No, jumping rope [or skipping, as some call it] isn't only for little girls. If you've watched any movie about boxing, or have ever walked into a boxing gym, you'll know it's a staple in a boxer's conditioning programme. It's also what ended my cardio plateau.
Here's what happened.
After years of running and jogging 3-4 times a week, boredom and fatigue set it. I needed change. Either that or give up cardio altogether and just train with weights, which I would've been fine with in my 20s.
Priorities change. In my 20s, working out was mostly about vanity. Now it's all about feeling good – keeping the heart healthy, steering clear of back/hip pain; looking good is a by-product.
I wasn't about to join a gym to use the cross-trainers, however [won't even consider stationary bikes; hate those]. Nothing against gyms, but I like fresh air during my cardio time. Also, not about to change the title of this column to “Don't Skip the Gym…Get Fit”.
While doing some soul-searching, I came across jumping rope and claims that it's much more efficient at burning calories than running. So I decided to try it out.
After a month of jumping rope, I'm glad that I decided to give it a shot and can confidently vouch that it is indeed better than running on several grounds, besides being more fun.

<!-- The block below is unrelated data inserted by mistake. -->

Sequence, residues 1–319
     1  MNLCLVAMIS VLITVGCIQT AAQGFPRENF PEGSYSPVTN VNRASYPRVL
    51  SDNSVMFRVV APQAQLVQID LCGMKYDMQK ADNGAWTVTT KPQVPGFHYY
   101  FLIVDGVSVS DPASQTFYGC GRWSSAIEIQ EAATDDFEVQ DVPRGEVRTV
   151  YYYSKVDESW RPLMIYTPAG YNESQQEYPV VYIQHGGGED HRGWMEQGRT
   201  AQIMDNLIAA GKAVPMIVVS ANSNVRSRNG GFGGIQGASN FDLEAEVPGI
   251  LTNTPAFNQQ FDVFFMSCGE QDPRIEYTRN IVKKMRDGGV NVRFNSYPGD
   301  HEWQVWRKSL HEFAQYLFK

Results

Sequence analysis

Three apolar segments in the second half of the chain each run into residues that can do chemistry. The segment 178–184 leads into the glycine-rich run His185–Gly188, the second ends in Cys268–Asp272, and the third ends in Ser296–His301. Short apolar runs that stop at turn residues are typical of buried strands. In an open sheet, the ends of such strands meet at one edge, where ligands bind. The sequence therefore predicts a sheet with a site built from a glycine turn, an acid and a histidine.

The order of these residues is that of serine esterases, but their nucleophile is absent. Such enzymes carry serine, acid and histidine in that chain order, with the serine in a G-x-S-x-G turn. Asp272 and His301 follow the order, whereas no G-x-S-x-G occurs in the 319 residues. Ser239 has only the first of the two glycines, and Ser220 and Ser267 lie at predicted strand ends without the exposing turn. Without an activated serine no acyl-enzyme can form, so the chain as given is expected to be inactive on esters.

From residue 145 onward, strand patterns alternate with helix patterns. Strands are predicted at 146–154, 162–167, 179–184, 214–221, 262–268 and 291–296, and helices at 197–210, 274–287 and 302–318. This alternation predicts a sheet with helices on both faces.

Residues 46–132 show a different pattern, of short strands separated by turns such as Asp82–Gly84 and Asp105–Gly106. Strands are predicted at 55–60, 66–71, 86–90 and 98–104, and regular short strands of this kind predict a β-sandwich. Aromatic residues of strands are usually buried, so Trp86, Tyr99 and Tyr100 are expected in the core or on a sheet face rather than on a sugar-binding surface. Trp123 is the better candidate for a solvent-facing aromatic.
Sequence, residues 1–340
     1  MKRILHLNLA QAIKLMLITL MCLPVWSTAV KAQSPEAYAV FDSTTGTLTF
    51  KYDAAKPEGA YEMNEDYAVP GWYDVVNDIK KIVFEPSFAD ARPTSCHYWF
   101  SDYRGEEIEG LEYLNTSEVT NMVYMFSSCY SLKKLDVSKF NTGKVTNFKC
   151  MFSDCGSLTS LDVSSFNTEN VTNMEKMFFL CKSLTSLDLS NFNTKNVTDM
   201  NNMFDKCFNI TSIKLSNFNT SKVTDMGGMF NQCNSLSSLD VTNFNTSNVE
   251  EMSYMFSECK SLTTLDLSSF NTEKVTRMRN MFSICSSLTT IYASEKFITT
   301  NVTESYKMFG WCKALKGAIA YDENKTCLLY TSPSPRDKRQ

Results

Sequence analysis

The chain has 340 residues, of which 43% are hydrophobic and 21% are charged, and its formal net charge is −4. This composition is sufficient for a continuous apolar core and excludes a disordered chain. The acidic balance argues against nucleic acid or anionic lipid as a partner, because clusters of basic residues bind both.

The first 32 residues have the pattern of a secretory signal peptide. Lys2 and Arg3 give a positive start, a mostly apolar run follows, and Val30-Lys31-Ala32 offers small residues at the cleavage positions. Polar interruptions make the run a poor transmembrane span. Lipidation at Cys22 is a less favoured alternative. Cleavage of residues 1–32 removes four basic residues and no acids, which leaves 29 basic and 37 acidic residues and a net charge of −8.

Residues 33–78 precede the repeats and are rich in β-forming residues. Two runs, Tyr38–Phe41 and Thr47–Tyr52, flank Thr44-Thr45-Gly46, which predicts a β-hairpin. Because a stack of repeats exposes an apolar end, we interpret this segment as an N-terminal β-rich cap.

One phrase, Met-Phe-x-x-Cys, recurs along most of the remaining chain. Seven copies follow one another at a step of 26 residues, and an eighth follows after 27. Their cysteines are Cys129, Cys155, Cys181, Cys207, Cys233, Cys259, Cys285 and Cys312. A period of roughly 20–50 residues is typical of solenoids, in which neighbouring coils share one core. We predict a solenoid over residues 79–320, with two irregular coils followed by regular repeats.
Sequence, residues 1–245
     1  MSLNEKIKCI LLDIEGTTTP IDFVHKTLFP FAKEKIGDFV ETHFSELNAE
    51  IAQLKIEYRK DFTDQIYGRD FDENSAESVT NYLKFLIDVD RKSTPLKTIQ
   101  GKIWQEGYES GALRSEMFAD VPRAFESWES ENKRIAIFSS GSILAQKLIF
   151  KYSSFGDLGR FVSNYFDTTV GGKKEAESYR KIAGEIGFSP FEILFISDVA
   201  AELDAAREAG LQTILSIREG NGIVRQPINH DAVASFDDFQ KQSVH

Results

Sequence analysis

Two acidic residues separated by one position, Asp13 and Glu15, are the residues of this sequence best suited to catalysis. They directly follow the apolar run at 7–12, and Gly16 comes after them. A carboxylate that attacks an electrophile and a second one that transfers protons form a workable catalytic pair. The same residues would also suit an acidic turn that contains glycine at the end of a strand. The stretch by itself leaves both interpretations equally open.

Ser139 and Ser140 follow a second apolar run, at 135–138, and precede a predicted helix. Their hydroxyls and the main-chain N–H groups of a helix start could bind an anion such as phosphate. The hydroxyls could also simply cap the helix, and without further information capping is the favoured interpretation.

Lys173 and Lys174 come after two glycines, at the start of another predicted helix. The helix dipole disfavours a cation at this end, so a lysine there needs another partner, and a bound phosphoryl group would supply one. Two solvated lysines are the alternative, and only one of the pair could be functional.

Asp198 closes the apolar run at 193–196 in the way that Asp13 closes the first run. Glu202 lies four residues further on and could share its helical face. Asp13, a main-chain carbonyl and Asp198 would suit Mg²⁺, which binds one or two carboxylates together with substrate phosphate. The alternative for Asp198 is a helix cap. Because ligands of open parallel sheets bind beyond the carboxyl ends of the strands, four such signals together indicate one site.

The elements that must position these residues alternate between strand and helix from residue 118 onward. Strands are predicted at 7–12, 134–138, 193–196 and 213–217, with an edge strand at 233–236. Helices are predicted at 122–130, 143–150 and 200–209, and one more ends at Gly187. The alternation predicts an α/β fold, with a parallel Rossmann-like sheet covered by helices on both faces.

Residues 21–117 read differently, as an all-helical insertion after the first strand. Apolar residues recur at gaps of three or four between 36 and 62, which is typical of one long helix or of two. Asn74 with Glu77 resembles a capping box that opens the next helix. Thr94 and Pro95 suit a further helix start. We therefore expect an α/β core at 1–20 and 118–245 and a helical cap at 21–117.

Jumping rope works most of the muscles. Arms, shoulders, core, and legs are engaged when jumping rope which provides a more efficient workout than your casual running. Although the muscles in your calves are exerting most of the energy, your quadriceps, hamstrings, and glute-muscles are also working. As you jump and keep balance, you are using your chest, back, and core muscles. As you turn the rope, you are utilising your forearms, triceps, biceps, and shoulders.
Using a weighted rope – which is what I do – is a great way to increase the upper body recruitment and energy you exert while jumping.
How to do this
Select a rope that is not too long or too short. Find the proper length for you by stepping on the centre of the rope and pulling the handles straight up; the handles should come close to shoulder height. Start jumping by standing with your feet together, torso tall and your elbows slightly bent. Use your wrists to rotate the rope, not your arms. Push off with the balls of your feet just high enough to clear the rope and land with relaxed knees.
For a beginner, 30 seconds of consecutive jumping or about 50 repetitions would be good enough. Perform 3-4 sets with rest periods lasting 60-90 seconds. Gradually, increase the duration and intensity of your sets. My personal best at the moment: 300 reps per set; 2000 per workout.
The only thing stopping you from jumping rope should be bad knees.
Consult your physician before you take the leap.
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